PathMaker 5.0

SkyMark, 2003, $295 for one license, $95 for upgrades, $125 for one year upgrade subscription (software).

PathMaker 5 is a dynamic project management solution that combines all the soft tools used in a quality improvement process into one innovative software package. It helps you easily complete all the tasks related to developing, organizing and managing your project and lets you devote more time and energy to what matters most—the improvement process.

PathMaker 5 is a cost effective collection of various tools, such as affinity diagrams, project pathways, Pareto charts and data analysts, that will aid quality professionals as they work on various quality improvement projects.

PathMaker 5 is fully customizable and compatible with Windows 95 and higher. Every component can be modified or created from scratch. Templates are provided for times when customizing is not necessary so you can begin new projects quickly and effortlessly. You can also install PathMaker 5 on a network drive, allowing everyone on your team access to vital project information. PathMaker 5 works online or offline, allowing you to log into the project, see the latest changes and make your own updates.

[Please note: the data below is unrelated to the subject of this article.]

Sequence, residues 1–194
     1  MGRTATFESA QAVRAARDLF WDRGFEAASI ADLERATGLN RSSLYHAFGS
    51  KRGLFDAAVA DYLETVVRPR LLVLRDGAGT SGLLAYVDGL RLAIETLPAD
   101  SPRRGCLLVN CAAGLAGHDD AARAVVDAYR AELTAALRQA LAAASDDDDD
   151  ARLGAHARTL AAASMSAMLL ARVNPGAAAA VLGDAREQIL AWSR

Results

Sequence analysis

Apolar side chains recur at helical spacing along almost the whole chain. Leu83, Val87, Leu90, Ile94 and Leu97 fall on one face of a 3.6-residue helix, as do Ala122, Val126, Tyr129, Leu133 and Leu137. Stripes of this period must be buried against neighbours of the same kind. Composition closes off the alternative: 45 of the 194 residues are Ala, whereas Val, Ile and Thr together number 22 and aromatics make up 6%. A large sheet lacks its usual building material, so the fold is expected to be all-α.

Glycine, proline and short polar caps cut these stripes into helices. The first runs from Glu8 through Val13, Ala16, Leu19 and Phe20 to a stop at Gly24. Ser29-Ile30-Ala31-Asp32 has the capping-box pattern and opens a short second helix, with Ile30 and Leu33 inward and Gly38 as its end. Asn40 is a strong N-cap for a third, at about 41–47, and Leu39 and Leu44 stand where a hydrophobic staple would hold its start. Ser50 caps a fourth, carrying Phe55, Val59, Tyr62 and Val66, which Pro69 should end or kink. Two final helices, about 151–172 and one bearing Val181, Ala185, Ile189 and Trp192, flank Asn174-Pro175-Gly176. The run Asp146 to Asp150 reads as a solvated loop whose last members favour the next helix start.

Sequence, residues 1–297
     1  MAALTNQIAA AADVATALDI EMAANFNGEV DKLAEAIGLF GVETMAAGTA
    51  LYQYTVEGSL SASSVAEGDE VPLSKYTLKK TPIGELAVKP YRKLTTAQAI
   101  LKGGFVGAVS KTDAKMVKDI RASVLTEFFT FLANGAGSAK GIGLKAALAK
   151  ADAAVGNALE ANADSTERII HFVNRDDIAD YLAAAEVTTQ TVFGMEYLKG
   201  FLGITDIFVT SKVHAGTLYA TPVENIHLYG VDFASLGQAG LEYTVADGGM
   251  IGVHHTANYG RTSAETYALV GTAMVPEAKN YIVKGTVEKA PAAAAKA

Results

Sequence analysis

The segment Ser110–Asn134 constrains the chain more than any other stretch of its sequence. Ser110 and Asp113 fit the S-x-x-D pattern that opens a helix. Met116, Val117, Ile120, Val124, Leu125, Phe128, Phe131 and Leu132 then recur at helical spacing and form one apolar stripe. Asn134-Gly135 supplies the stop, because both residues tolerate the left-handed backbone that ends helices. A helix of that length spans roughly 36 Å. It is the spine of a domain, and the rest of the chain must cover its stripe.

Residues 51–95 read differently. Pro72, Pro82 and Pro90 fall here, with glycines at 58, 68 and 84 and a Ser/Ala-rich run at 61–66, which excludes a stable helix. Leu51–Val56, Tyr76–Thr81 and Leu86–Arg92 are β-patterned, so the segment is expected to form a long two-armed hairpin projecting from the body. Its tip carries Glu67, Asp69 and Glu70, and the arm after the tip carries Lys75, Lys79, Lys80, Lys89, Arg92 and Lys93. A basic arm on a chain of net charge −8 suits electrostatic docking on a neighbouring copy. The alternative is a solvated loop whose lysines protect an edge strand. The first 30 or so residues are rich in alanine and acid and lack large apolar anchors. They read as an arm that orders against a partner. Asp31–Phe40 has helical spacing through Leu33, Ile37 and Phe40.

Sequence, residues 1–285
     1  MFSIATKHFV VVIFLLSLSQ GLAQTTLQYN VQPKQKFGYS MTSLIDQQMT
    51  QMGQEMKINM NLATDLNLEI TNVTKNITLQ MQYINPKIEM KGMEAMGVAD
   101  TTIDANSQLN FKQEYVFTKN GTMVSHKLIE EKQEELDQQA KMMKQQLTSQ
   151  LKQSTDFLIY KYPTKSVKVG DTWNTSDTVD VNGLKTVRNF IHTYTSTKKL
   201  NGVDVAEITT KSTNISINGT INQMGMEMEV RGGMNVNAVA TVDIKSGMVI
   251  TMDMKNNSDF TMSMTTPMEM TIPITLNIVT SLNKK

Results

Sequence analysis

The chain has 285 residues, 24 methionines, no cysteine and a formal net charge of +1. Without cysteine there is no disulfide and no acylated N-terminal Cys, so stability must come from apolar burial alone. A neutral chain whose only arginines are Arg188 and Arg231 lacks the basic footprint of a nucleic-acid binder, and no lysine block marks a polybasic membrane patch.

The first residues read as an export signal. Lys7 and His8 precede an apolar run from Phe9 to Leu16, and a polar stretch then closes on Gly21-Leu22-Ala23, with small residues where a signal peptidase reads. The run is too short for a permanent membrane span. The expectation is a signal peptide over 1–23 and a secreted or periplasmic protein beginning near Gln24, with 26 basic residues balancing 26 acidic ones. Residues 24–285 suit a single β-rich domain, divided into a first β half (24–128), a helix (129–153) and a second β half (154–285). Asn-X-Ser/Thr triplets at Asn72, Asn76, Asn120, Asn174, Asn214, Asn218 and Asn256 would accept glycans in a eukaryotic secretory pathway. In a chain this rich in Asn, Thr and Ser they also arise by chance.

SkyMark and Minitab have a private label agreement for Minitab to use the PathMaker program as the basis for Minitab’s Quality Companion program. People who own Minitab Quality Companion already have PathMaker.

Dale Farris

Groves, TX


The Synergy of One

Michael J. Dreikorn, ASQ Quality Press, 2004, 209 pp., $24 member, $30 list (book).

The Synergy of One is a book about what Michael Dreikorn calls integrated performance leadership (IPL), how the dynamics of an organization are related and how performance measures and leadership influence the organization’s systems. He emphasizes the entire organization operating as a cohesive entity, particularly with regard to leadership and direction.

To start the book, Dreikorn uses his trip from Hartford, CT, to Osaka, Japan, and the unexpected events that happened en route to relate how IPL can affect an organization’s behavior and performance.

The book is divided into individual sections called constructs: integration, performance and leadership. Dreikorn emphasizes IPL is not standalone and must be focused on the customer. According to Dreikorn, the organization must align the systems behavior and performance expectations to create value for the customer. The key is for leadership to set the stage so the system performs as an integrated unit toward implementing change that ultimately supports the customer.